This summer, thanks to an influx of funding from the American Recovery and Reinvestment Act (ARRA) and the addition of 11 new staff, Cleveland Rape Crisis Center has eliminated its client waiting list for the first time in decades. Now, when a rape or sexual abuse survivor calls to request therapy, an appointment can be made within days.
“This is monumental,” said Megan O’Bryan, president and CEO of the Center. “Sexual assault survivors deserve immediate access to free services that can help them heal. Now for the first time in a very long time, Cleveland Rape Crisis Center has the resources to meet that demand.”
Last year, the Center received more than $600,000 in federal and state grants that allowed them to expand their staff from 16 to 27 professionals. All of the positions added are in client-serving roles, such as therapists and justice system advocates.
Research shows that the sooner a rape survivor accesses healing services after an attack, the less likely they are to experience long-term trauma symptoms, like nightmares, flashbacks or anxiety. Yet, more than half of the adult women and men that call the Center have waited years or even decades to ask for help.
“The stigma that surrounds sexual violence is still very real,” said Kirsti Mouncey, vice president of client services at the Center. “A large percentage of the people that call for services survived a rape or long periods of sexual abuse 20 or more years ago and never told anyone. When someone finally calls to ask for help with something they have been coping with for decades, it is absolutely critical that we can respond immediately.”
A recent United Way report estimates that more than 150,000 Cuyahoga County residents have survived a rape and have never sought services. National studies suggest that 1 in 4 women and 1 in 33 men will experience some form of sexual violence in their lifetime.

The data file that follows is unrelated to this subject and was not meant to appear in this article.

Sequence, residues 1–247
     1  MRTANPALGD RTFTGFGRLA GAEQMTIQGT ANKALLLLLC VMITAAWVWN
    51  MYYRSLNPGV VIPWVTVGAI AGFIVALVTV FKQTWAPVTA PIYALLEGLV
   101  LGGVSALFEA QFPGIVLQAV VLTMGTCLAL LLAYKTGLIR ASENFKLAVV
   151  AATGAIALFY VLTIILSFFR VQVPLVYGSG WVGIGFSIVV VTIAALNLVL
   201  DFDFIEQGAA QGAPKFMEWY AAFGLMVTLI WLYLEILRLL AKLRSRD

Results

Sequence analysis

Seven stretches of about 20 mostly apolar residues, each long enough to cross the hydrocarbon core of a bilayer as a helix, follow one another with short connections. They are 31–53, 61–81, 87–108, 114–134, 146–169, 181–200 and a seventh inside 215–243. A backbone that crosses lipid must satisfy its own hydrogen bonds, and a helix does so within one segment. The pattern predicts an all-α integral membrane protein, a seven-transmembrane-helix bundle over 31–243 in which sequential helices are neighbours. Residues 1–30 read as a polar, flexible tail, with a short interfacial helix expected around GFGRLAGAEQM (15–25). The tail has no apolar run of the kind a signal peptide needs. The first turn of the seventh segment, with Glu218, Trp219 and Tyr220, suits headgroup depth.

Cleveland Rape Crisis Center received 3,174 calls on its 24-hour hotline last year and offered therapy to 1,032 survivors before the positions were added.
“Sexual violence is a pervasive problem in our country and in our world and there have never been even close to enough resources to adequately respond to survivors,” added O’Bryan. “We are fortunate to have a temporary increase in funding from the federal and state government as a result of the ARRA grants.”
O’Bryan said temporary because none of these positions that have helped the Center eliminate the waiting list is permanently funded by ARRA. Many are contracted for only 12 or 24 months.
Cleveland Rape Crisis Center is committed to sustaining at least some of the staff positions for longer periods. They have asked local foundations for help and their recent fundraiser, Sing Out! for Cleveland Rape Crisis Center, raised a record-breaking $318,000, compared to $255,000 in 2008.
“The Cleveland community has been extremely responsive to our requests,” said O’Bryan. “We are very grateful for the confidence that the federal and state governments and local philanthropists have shown in our work to support survivors of sexual assault.”
“For now, women, men and children can call the Center and get help immediately. After decades of waiting lists, we are thrilled to make that statement.”